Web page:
Ranked 148th.
86.96%
Ranked 50th. 83% more than Ethiopia

Infant mortality > Male babies 102.3 deaths per 1000 live births
Ranked 23th. 15 times more than United States
6.8 deaths per 1000 live births
Ranked 163th.

Births and maternity > Abortion > When abortion is legal > To preserve mental health Legal Legal
Children living with AIDS 230,000
Ranked 4th. 23 times more than United States
10,000
Ranked 34th.
Deaths > Early death rate (probability of dying beetween 15 and 60 years) > Females 284
Ranked 40th. 4 times more than United States
80
Ranked 145th.

Caesarian birth rate 1%
Ranked 18th.
23%
Ranked 2nd. 23 times more than Ethiopia
Respiratory disease child death rate 221.53 (est) 40.43 (est)
Births and maternity > Abortion > When abortion is legal > Economic or social reasons Illegal Legal
Births and maternity > Abortion > When abortion is legal > On request Illegal Legal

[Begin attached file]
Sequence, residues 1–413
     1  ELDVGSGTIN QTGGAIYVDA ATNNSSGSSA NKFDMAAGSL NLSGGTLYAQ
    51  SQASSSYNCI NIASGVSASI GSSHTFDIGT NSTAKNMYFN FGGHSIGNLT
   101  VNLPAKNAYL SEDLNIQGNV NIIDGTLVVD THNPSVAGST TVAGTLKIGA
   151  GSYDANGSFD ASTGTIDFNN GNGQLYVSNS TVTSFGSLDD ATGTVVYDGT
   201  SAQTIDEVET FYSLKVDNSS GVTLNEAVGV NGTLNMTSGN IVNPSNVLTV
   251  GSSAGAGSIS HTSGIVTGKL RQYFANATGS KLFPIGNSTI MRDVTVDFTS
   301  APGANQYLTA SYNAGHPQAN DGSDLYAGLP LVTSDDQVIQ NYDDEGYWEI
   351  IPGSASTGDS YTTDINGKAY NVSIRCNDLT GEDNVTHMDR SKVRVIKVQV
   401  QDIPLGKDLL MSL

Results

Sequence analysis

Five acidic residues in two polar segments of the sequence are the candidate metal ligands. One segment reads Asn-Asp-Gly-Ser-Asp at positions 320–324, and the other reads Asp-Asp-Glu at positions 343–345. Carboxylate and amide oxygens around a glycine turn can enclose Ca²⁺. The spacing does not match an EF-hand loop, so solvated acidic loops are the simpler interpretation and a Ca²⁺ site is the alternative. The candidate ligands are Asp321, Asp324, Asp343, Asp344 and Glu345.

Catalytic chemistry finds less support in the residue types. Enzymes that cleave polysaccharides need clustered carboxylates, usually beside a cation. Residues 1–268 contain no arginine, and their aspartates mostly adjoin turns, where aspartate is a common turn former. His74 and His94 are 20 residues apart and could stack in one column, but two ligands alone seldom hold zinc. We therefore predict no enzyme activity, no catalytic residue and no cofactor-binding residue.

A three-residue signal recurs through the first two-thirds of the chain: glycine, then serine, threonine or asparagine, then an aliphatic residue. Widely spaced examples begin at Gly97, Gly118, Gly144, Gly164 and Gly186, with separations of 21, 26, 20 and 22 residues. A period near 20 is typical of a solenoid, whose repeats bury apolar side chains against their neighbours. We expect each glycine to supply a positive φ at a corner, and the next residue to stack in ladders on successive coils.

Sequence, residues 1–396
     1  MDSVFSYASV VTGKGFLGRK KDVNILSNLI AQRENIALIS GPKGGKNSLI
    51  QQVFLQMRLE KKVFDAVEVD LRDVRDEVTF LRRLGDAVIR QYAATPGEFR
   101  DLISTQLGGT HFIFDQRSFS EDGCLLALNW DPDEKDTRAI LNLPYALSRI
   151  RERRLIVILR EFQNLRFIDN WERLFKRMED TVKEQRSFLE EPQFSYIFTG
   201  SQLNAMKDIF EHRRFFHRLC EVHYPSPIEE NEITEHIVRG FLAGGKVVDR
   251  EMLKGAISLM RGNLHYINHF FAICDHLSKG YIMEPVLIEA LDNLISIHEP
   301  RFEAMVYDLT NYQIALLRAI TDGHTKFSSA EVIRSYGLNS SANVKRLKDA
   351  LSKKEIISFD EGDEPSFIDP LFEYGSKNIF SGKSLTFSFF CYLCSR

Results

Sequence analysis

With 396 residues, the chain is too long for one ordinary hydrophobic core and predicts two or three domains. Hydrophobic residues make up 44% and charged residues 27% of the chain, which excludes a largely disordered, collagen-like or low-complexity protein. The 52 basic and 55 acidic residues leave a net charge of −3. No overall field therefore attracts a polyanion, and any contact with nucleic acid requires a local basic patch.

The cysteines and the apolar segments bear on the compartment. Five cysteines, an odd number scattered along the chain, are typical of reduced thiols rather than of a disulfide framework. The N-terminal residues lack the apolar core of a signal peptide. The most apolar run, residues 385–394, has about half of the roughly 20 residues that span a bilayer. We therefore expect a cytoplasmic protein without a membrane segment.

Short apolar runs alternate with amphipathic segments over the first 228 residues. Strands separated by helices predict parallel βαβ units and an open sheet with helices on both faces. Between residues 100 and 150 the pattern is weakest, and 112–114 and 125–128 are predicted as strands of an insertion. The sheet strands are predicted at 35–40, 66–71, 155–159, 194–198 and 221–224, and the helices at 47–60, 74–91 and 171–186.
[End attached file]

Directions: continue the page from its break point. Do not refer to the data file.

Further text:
Diseases > Total tetanus cases 62
Ranked 27th. 3 times more than United States
20
Ranked 42nd.
Diseases > Cholera cases per million people 299.86
Ranked 12th. 12904 times more than United States
0.0232
Ranked 48th.
Diseases > Neonatal tetanus cases per million people 0.771
Ranked 38th.
0.0
Ranked 98th.
Probability of dying before 5 > Females 171 per 1,000 people
Ranked 17th. 21 times more than United States
8 per 1,000 people
Ranked 152nd.
Spending > Private 2.4%
Ranked 61st.
7.1%
Ranked 3rd. 3 times more than Ethiopia
Private health spending > % of GDP 1.59%
Ranked 128th.
8.54%
Ranked 2nd. 5 times more than Ethiopia

Public health spending > % of government spending 10.23%
Ranked 105th.
19.45%
Ranked 6th. 90% more than Ethiopia

Infant mortality rate > Male 88.03 deaths/1,000 live births
Ranked 11th. 13 times more than United States
6.72 deaths/1,000 live births
Ranked 169th.

Nutrition > Low-birthweight babies > % of births 20.3%
Ranked 3rd. 3 times more than United States
7.8%
Ranked 12th.

Nutrition > % of under-fives suffering from wasting moderate & severe 11
Ranked 30th. 11 times more than United States
1
Ranked 122nd.
Births and maternity > Abortion > When abortion is legal > Foetal impairment Legal Legal
Diseases > Diabetes > Prevalence > % of population ages 20 to 79 3.32%
Ranked 175th.
9.35%